Introduction: Auto Ph

WARNING: github link doesn't exist anymore

Hello, I am a MCT studenst from Howest Belgium.

Have you ever wanted to automate the Ph in your pool/jacuzzi/hottub? Then this might be something for you.

I've made a device that will automatically adjust the Ph level.

Step 1: Supplies

You need the following items:

  • Raspberry pi4
  • Arduino Uno
  • LCD display 16*2
  • 16gb SD card
  • 5v usb-c power supply for raspberry pi
  • Ph sensor
  • 12v peristaltic pump (2x)
  • DS18B20
  • 20kg weight sensor (2x)
  • HX711 module (2x)
  • L298N motor driver module
  • 4.7k ohm resistor
  • 10k ohm potentiometer
  • breadboard
  • jumper wires
  • filament for your 3d printer
  • paint (optional)

Tools I used:

  • 3d printer
  • saw
  • brushes
  • drill

Step 2: Housing

I made a housing out of wood. You can adapt the design to your Ph containers

Step 3: Beginning

For the case I've got help some help from my grandpa. We started by making a frame. I made my housing 70cm tall, 30cm wide and 15cm deep. The housing has to be at least 15cm deep otherwise you won't be able to fit all the electronics easily. For connecting all the pieces of the frame we used wood glue and nail. For extra stability while the glue was drying we added a couple of screws.

The back of the case is glued and nailed on the frame.

On the right side we made 1 hole to pass through the 2 power cables. The top get 4 holes. 1 for the Ph sensor, 1 for the temperature sensor and 2 for the Ph tubes

Step 4: Adding the Weight Sensors

While the front is still open we added a piece of wood to the bottom for the weight sensors. The wheight sensors are screwed in place. For the top we first added a small piece of wood as a spacer and the a larger peice where we can fit the bottles on.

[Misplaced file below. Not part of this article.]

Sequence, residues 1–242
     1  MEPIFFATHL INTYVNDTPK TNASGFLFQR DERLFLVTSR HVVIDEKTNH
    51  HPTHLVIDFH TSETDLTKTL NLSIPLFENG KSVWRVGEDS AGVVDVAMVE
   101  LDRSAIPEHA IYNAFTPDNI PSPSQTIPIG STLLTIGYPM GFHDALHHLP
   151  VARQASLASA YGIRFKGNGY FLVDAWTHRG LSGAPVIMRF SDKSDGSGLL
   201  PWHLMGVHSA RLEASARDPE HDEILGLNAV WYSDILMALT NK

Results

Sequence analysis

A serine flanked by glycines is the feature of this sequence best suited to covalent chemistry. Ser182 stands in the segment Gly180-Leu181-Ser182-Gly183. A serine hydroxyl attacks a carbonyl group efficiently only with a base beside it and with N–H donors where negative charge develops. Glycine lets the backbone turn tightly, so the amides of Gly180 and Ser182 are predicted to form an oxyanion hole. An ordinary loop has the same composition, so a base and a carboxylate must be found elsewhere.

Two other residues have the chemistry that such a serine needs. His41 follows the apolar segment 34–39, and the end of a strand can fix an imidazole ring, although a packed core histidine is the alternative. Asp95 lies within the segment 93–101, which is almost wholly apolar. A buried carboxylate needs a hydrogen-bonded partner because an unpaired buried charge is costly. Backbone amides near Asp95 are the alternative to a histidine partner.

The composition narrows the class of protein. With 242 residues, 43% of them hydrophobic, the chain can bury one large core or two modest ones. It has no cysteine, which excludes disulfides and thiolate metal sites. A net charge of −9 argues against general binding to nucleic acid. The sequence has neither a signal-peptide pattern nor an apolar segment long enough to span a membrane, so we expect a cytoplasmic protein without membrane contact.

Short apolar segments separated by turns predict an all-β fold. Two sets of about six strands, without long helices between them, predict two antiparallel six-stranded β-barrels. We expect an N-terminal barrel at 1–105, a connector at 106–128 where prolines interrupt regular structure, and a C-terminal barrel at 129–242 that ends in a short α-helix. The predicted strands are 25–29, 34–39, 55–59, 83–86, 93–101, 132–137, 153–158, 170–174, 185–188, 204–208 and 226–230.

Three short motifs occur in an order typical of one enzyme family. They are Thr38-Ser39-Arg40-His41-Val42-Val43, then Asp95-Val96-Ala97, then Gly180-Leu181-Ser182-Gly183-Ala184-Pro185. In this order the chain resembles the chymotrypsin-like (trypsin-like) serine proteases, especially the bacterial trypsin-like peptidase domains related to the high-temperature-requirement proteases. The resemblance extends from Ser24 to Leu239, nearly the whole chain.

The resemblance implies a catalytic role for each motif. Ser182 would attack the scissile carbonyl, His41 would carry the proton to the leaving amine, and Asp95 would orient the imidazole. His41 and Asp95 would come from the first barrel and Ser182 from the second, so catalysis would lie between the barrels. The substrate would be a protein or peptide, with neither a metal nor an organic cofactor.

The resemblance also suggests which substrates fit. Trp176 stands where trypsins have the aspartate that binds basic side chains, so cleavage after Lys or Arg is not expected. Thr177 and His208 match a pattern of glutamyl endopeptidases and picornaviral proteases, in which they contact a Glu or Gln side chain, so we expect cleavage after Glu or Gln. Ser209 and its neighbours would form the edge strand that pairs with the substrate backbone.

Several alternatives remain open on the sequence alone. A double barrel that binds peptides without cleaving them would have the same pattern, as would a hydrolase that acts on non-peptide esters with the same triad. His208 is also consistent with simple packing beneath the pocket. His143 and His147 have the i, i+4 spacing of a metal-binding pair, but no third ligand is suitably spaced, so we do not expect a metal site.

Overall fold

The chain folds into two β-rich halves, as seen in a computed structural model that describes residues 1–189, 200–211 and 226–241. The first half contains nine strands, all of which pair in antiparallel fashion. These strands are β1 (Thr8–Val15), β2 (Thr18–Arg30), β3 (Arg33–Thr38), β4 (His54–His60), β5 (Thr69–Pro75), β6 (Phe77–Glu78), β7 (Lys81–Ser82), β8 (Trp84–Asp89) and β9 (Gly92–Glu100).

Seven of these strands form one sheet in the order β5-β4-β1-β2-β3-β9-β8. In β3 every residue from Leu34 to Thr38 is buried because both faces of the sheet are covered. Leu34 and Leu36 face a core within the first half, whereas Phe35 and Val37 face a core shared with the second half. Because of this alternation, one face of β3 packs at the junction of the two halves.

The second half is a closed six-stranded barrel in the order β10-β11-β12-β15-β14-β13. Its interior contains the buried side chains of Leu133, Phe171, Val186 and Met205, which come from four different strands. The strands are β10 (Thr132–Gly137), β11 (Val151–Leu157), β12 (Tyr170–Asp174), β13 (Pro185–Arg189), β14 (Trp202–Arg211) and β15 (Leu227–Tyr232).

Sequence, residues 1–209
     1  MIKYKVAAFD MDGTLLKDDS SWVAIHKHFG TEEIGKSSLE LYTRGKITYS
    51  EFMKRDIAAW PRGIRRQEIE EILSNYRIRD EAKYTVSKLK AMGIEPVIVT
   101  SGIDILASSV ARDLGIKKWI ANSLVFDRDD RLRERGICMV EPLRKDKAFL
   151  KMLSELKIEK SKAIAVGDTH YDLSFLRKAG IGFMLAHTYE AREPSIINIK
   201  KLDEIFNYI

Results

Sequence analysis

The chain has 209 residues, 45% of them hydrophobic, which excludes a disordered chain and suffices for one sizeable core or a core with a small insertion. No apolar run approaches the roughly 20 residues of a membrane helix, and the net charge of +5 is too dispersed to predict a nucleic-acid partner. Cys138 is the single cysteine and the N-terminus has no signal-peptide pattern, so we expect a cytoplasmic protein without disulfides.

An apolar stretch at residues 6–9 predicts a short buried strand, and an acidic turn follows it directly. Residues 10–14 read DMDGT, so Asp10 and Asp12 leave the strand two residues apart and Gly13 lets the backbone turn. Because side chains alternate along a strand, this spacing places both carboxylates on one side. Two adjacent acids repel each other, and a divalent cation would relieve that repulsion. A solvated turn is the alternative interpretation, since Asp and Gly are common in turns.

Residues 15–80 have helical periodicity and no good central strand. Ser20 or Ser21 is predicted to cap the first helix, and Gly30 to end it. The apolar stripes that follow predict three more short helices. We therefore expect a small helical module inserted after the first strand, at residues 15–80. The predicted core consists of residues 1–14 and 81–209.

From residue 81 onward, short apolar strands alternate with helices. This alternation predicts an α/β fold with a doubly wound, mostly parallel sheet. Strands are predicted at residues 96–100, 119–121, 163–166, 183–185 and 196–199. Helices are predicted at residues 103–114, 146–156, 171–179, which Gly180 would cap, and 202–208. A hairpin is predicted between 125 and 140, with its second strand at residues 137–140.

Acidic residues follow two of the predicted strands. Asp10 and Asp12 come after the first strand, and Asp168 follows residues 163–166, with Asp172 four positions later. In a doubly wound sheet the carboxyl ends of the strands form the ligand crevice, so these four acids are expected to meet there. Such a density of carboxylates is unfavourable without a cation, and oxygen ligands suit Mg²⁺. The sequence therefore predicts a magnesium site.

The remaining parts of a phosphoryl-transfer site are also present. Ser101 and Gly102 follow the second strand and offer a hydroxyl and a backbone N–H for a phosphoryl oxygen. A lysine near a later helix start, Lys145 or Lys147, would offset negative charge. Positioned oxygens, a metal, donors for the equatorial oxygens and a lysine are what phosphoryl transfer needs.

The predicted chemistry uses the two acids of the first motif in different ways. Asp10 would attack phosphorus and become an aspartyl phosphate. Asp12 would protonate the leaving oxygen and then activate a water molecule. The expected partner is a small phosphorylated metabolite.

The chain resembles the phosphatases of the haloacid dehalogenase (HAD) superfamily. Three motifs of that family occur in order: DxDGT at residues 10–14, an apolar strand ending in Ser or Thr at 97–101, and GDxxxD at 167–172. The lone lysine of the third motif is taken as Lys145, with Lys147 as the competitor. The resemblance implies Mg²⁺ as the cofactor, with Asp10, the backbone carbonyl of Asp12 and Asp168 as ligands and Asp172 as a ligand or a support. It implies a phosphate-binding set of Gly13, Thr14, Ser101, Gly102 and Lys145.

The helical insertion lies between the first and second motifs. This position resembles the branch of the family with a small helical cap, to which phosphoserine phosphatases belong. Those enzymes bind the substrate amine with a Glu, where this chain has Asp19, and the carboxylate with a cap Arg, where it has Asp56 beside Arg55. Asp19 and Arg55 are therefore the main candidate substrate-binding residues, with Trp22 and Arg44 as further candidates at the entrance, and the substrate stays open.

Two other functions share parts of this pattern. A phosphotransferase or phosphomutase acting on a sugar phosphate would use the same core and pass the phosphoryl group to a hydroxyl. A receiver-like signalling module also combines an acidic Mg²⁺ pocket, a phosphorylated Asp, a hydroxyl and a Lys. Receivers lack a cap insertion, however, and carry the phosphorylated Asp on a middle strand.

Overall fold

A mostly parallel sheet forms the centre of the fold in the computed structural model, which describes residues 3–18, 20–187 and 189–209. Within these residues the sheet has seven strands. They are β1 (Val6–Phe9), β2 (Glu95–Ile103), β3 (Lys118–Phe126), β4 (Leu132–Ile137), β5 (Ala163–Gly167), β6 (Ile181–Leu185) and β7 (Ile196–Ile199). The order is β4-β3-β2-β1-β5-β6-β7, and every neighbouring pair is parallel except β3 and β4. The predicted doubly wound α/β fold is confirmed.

Step 5: The Front

the front consists of 3 pieces. A smaller piece on the bottom to cover the weight sensors. A door in the middle and at the top another piece of wood to cover the rest of the ellectronics. The door gets hinges, the top and bottom get screwed in place. The top piece received some extra attention. We needed to make a hole for the LCD.

Step 6: Painting

Because mdf wood isn't that appealing I've painted the housing white

Step 7: 3d Print

I made a mount for the peristaltic pumps. You could also make this out of wood.

To connect the tube to the pumps I used from Boerni.

Step 8: Adding the Circuit to the Case

To mount the RPI, arduino, lcd, motor controller and pumps I used screws. For everything else I used hot glue. If anything would break it can easily be replaced.

Step 9: Wiring

For my project I used the arduino to to send the Ph and weight values to my RPI through serial communication over USB. The LCD, temperature and motor controller are directly connected to the RPI.

Step 10: Database

My database isn't big: I just needed to save the sensor data. This data i could later use for a history garph.

All the sensor names are stored in device, the measurements are stored in measurements (what a suprise :p). These 2 tables are connected with a anonther table. By doing it this way I could easily expand the database later.

Step 11: Code